Mary Avara, chairwoman of Maryland's movie censor board, examines a piece of film in the board's screening room in 1979. In 1952, a Texas man was convicted for showing a film after a similar censor board in Marshall, Texas, prohibited it. The Supreme Court in Gelling v. Texas overturned the conviction. (AP Photo, with permission from the Associated Press)
The Supreme Court per curiam opinion in Gelling v. Texas, 343 U.S. 960 (1952), reversed a Texas court decision upholding the conviction of W. L. Gelling, who showed an unnamed motion picture after the Board of Censors of Marshall, Texas, prohibited it.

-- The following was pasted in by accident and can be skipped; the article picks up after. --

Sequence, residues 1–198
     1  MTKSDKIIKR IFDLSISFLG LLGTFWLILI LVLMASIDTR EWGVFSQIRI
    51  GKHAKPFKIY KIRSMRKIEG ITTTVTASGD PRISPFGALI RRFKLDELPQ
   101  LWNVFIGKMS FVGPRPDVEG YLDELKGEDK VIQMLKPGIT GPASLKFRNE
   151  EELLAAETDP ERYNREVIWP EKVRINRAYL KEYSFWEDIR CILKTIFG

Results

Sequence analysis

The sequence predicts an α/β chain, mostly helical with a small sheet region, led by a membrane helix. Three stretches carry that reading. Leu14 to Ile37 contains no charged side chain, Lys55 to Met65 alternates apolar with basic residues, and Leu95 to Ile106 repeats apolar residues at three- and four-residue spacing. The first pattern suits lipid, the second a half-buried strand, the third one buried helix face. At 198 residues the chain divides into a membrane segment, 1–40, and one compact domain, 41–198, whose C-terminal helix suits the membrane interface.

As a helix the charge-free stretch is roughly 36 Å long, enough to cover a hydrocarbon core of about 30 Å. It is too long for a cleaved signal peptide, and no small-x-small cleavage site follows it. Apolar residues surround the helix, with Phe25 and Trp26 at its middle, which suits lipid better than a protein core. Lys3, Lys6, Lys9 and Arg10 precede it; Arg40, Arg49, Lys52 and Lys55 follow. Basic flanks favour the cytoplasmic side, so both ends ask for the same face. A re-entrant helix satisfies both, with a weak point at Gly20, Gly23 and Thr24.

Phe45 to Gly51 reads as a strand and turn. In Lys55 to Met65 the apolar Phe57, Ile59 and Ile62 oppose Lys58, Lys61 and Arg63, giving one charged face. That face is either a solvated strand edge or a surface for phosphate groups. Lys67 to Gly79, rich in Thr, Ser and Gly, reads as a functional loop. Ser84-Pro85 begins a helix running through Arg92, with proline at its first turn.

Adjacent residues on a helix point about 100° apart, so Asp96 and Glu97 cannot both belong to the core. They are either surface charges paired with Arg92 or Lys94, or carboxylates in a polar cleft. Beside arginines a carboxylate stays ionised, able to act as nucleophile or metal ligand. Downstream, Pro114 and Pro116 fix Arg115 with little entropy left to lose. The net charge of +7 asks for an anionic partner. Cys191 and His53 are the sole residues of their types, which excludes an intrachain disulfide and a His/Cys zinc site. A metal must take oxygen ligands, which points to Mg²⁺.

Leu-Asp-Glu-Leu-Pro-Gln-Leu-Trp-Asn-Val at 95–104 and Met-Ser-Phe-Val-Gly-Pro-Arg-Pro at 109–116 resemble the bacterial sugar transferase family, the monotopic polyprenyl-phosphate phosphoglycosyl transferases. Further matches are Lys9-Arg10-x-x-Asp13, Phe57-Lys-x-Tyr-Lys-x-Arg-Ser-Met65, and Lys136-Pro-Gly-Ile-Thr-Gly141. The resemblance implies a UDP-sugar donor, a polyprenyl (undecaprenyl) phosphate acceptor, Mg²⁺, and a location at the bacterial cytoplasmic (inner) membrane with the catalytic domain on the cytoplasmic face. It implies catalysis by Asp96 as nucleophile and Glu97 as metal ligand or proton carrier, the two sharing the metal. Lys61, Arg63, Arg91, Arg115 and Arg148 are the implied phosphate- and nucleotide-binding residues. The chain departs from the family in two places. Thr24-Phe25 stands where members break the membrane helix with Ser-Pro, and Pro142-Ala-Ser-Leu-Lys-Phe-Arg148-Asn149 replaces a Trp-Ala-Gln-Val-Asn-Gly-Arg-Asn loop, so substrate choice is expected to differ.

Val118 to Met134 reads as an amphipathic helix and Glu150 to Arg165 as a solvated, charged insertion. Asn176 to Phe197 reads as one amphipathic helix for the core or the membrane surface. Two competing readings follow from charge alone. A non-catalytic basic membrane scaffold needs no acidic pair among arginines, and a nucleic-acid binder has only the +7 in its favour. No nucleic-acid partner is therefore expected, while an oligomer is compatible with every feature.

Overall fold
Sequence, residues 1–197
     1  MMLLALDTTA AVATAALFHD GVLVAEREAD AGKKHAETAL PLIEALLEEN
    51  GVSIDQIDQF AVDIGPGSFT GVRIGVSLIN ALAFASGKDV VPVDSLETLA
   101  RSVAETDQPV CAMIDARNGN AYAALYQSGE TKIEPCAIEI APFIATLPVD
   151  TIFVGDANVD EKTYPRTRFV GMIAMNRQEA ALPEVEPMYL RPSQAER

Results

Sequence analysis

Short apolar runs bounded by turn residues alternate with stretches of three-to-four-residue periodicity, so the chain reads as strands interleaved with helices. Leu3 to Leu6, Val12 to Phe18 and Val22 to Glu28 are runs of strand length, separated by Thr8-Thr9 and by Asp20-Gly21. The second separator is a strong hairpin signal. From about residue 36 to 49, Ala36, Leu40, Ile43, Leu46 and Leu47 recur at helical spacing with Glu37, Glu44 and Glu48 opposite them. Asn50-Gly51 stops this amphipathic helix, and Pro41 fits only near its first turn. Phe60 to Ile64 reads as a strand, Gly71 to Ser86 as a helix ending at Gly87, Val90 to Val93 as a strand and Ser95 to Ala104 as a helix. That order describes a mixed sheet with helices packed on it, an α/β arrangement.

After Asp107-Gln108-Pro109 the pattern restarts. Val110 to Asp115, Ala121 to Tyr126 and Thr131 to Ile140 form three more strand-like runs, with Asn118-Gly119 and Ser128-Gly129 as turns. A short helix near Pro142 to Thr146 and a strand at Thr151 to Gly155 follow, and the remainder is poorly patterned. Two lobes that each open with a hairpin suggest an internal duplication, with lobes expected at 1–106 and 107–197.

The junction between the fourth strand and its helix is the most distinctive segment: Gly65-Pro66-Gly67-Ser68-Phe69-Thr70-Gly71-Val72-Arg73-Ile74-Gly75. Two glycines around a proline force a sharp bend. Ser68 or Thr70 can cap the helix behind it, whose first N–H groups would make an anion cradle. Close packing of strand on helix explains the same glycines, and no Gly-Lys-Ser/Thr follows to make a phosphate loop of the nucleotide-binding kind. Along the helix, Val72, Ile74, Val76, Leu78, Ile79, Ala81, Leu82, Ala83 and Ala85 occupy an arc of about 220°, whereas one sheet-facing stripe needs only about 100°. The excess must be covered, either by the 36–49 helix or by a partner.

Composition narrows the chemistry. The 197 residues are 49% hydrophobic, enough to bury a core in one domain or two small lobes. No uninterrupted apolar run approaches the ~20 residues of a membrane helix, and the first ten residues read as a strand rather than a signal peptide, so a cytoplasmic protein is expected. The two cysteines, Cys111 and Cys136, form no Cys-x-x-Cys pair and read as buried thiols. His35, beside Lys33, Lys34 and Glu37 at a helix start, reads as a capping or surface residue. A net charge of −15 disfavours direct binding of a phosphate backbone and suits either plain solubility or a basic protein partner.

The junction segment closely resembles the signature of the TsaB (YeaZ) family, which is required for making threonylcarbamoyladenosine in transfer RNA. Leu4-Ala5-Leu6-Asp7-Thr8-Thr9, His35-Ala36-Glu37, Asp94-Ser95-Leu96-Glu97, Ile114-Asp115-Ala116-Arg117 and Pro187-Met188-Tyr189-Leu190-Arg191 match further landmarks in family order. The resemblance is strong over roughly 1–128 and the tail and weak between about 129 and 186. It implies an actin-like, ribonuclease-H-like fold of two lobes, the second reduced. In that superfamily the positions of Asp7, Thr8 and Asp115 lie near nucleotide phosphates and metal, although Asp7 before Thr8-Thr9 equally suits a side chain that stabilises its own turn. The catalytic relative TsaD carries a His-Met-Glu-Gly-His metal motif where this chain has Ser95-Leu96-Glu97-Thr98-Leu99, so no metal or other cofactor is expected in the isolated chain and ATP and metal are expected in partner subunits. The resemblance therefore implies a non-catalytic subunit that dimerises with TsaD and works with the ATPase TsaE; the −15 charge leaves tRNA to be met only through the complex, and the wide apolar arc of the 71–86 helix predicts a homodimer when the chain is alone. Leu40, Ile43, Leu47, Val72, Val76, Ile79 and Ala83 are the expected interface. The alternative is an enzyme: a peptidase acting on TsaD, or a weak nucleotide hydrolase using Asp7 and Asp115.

For its unanimous decision, the Court simply relied on its First Amendment precedents in Burstyn v. Wilson (1952) and Winters v. New York (1948).
In a brief concurring opinion, Justice Felix Frankfurter said the law violated the due process clause of the Fourteenth Amendment because of its “indefiniteness.” In a separate concurrence, Justice William O. Douglas further tied the actions of the Texas censors to the “evil of prior restraint,” which the Court had condemned in Near v. Minnesota (1931) and in Burstyn.
John Vile is a professor of political science and dean of the Honors College at Middle Tennessee State University. He is co-editor of the Encyclopedia of the First Amendment. This article was originally published in 2009.Send Feedback on this article